Budget-friendly hotel in Bruges: Hotel Fevery

This hotel is awesome and just off the beaten path in Bruges.  Paul, the owner, is super friendly in a reserved, endearing, European way.  The breakfasts are tasty and served in a cozy room.  The hotel is "green" so the water pressure isn't great, but that's what you should expect in an ecohotel.  Apart from the service, the best part about this hotel is the price.  We got a 2-room suite (with a shared bathroom) for 250 euros (the two-night total!)  I'm sure it's higher in the summer, but this was my second trip to Bruges in March and winter is a magical time to visit Bruges.

Also, there is a direct bus you can take here from the Bruges train station.  It is a short walk from the bus stop and a lot cheaper than a taxi.


Food Tour and Underground Tour in Naples, Italy

I've written about my positive experiences with food tours here and here. When I was in Naples, Italy, I was hopeful to find something of similar caliber. There was not as much choice or competition as I found in other European cities, but I eventually settled on "Eat in Italy Food Tours". My guide, Simone, met me in the waterfront district of Chiaia, which was where our tour would take place. As it was last-minute, I ended up being the only person on the tour and overall, it was enjoyable. The culinary highlight was a visit to a restaurant for eggplant parmesan. While the caprese salad left a bit to be desired (the tomatoes were unripe), the eggplant parmesan was everything I love about the dish- it was meaty and the slow-cooked sauce had a very mellow flavor.
A historic coffee shop displaying coffee makers from various eras!
A walk in a garden

Wine tasting of Campanian wines
A simple but tasty pasta
The tour culminated in a visit to the "Naples Underground" or Napoli Sottterranea which provided a respite from the sticky summer heat. Deep under the chaotic bustle of the city lies an extensive underground "city" of tunnels and rooms built from volcanic rock and ash, also known as tufo. It has existed since Neapolis was founded by the Greeks around 470 B.C. Over time, it was used for various purposes including underground aqueducts, Christian burial grounds, garbage dumps, and finally as a bomb shelter in World War II.

Disclosure: this is not for the claustrophobic. Some of the tunnels we went through were extremely narrow. (It is similar to the Catacombs of Appian Way, if not more narrow.)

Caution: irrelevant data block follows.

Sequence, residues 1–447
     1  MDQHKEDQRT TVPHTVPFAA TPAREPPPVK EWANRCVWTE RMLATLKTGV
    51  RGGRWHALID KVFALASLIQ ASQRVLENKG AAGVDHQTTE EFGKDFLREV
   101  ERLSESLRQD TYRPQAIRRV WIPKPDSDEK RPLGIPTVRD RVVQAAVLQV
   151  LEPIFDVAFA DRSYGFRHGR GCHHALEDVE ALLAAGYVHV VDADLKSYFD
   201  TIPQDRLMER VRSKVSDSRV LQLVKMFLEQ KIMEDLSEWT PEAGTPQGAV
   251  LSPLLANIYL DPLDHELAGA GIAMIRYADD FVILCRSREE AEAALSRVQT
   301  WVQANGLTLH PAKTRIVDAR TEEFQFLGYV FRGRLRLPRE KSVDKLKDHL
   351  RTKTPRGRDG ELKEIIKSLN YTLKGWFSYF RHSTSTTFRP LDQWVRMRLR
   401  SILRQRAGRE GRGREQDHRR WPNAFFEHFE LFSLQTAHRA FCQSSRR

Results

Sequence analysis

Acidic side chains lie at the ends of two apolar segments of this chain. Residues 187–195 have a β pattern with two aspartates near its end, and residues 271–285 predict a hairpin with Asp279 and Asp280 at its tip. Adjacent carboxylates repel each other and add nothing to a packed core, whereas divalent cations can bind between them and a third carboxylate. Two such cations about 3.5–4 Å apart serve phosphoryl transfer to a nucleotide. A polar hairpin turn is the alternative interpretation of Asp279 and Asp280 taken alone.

A chilling scene of a room frozen in time from WWII, including a child's rocking horse.

This underground city represented everything I loved about Naples, particularly the immense history that included both optimistic and very dark periods of history. I can't recommend this tour enough.


Daytrip from Split to Krka National Park in Croatia

When A. and I were planning the Croatia leg of our summer 2014 Eurotrip, we wanted to see the well-known Plitvice Lakes, but it was too far away from Split, the town where we were staying. After reading about another national park, Krka, and seeing that it was much closer, we ended up booking a tour with Split Excursions. They are a local tour company with several different itineraries- we opted for the "Krka Waterfalls and Sibenik group tour" and it was an enjoyable experience. 

The bus left at a reasonable morning hour from Republic Square, a central meeting point in Split and we departed for Krka National Park. While the waterfalls are magnificent, they are insanely crowded in the summertime, so I recommend crossing the main footbridge and rather than go right towards the waterfalls (Skradinski buk), take a left where it is much calmer and an excellent place for a dip. We had plenty of free time at the waterfalls before meeting back at the bus. 

We were then taken to a beautiful small town within the park (Roski slap) for lunch at a konoba (Dalmatian style tavern). This was in the middle of an insane summer downpour and lightning/thunder storm so we ate a simple lunch inside the cozy restaurant. Everything was from the area including local meats, cheeses, crusty bread, olive oil, wine, and dangerously strong local spirits. 

After lunch, we had the opportunity to explore this area of the park, Roski slap, where it was much more peaceful. It is home to many unique birds and plant life.

At this point, the clouds had parted and we were treated to an insanely beautiful vista of a monastery.

We then headed to the beautiful town of Sibenik, where we saw the St. Jacob's Cathedral (a UNESCO World Heritage Site) and also had ample free time for exploring the town and enjoying an aperitif by the seaside. All in all, I'd recommend this tour if you are staying in Split and have limited time to explore on your own.


Avoiding Tourist Traps in Trastevere

Walking through Rome's Trastevere neighborhood at night is magical,  but many of the restaurants leave a lot to be desired. I can't count how many bad microwaved meals I've had here- some reminiscent of Chef Boyardee. 

On my latest trip to the Eternal City, I was a bit luckier.